2. What a terrifying set of experiences! The Ativan mixup was so unfortunate. Weaving our way through this mess is so difficult. With your PSA at the new level you may very well be sick enough for chemo. Whether you want to go down that path is another matter. Fortunately, it appears your pain is quite manageable, which is a blessing. If it gets much worse, ask about Xofigo, which is indicated for bone pain and has the side benefit of extending life a median of three months, according to my oncologist. He did say the PSA goes up from taking Xofigo, but who cares if you live longer.

    I suspect that the post chemo treatments your doctor mentioned are something like Zytiga or Xtandi, which used to be only allowed in the US after chemo failed. The drug companies here completed clinical trials a couple years ago I believe and now they can be prescribed before chemo in the US. I’m on Xtandi now and it’s working very well, but every two months I get my PSA checked and we’re just waiting for it to fail. Normally, it only works for 4-5 months, but I’m at 9 months and running. I feel lucky, but I also feel as if I’m living in two month increments.

    The good news in all of this, if you call it good news, is that the painkillers available now are incredibly effective and you shouldn’t have to worry about pain and the end game.

    Liked by 1 person

    1. We live and learn. Hopefully! Xofigo looks interesting. I wonder how much of a psa rise it causes and I wonder if xgeva has a similar effect. I emailed my oncologist but no response so far. Thank you for your thoughtful response. I understand living in increments, each one holding less promise than the one before. Funny how little it takes for us to feel lucky! Best of luck my friend. Always thinking of you.

      Liked by 1 person

      1. You have so totally nailed my sentiment “ living in increments, each one holding less promise than the one before.” I’m going to liberally reuse it.

        One thing I’m surprised your oncologist hasn’t mentioned (or you haven’t brought up) is radiation. My radiation oncologist’s nurse told me that once the PSA climbs and the tumors start to cause more pain, they can irradiate. They call it spot welding. The nurse claims they can prolong things quite awhile with this treatment.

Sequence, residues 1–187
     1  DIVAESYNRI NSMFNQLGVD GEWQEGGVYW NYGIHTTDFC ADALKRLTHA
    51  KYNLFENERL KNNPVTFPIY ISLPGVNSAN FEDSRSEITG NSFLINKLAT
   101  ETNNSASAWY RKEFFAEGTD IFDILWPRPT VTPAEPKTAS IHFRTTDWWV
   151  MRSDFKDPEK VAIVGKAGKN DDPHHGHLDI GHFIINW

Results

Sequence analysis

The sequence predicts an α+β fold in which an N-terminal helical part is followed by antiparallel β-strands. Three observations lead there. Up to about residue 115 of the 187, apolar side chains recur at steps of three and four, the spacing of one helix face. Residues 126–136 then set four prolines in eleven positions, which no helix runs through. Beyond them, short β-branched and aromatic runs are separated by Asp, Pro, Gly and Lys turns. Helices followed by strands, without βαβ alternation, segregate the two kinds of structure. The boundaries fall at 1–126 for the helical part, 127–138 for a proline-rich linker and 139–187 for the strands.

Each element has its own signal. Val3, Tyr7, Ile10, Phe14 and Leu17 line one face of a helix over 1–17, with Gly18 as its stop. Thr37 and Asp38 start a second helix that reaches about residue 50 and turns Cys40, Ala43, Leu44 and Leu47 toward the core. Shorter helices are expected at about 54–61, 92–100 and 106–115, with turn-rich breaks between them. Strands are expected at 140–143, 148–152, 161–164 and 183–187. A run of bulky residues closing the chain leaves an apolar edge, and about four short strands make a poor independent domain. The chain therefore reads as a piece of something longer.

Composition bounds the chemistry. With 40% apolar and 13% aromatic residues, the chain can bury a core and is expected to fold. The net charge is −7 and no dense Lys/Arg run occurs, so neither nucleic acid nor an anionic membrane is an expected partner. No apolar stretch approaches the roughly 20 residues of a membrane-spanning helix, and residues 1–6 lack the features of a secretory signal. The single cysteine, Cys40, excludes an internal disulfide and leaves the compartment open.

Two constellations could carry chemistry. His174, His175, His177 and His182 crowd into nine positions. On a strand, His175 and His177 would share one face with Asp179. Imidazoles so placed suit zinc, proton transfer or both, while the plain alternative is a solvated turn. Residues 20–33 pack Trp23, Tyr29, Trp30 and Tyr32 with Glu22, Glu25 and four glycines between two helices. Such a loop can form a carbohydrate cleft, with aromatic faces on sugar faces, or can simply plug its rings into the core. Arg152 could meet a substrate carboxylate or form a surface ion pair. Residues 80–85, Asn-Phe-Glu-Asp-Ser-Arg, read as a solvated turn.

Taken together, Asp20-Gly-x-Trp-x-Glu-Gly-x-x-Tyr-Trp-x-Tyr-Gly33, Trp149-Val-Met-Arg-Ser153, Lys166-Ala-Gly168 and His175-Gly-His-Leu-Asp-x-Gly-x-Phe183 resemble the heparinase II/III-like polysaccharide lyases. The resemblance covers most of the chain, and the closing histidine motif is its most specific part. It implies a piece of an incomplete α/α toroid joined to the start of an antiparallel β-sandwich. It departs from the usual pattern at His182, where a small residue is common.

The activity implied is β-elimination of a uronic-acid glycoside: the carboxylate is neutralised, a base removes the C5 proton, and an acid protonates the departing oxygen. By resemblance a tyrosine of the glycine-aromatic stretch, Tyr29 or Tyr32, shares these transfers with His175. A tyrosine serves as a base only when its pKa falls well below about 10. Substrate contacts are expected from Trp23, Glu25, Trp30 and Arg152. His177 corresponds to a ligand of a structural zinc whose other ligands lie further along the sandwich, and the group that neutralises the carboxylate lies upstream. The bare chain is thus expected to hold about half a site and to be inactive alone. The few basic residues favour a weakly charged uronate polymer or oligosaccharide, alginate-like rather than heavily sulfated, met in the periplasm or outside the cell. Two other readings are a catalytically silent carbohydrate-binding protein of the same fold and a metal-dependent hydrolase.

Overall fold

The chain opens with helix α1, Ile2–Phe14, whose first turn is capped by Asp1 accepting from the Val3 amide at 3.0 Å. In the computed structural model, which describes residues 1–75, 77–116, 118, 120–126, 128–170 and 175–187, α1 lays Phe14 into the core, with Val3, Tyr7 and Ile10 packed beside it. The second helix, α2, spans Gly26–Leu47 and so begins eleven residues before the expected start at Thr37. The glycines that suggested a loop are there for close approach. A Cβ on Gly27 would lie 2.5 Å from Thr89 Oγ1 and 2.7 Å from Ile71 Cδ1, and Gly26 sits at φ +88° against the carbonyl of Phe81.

This living one day at a time is the best way to go in general I think, but I find it very counter to what I was raised to do. Kinda feel as if I’m relearning how to live.

        Be sure to ask your oncologist when Zytiga and/or Xtandi might be approved for pre-chemo use. I would highly recommend them. Disclaimer-I’m not an MD.

        Liked by 1 person

        1. Great phrase! Captures it so well. I had radiation to the then single met in my pelvis in Feb 2016. When I saw the radiation oncologist in May this year he never mentioned having more, just shipped me off to a medical oncologist. All I can do for now is wait on the Canadian Government and hope that I can access services sooner rather than later.

          I get that, relearning how to live. I have always planned ahead, not always wisely but planned nevertheless. Now it seems all I do is react. I am getting ready to die…..most times I don’t even realise it. It is a subconscious kind of thing, writing letters to my kids, thinking about what they will keep of me. Yet maybe……it’s all that keeps me going some days.


          1. This dying stuff is hard to do! But we’re not dead yet and who knows what might happen treatment wise.

            If the irradiation on your pelvis was done as it is in the US you’ve had all the radiation you can get in that spot. They hit it with the maximum here. They tell me usually that’s enough to kill it off, if they get it early. If not and the pain persists, there’s really nothing left to do you can take Xofigo or opioids. Not very good options.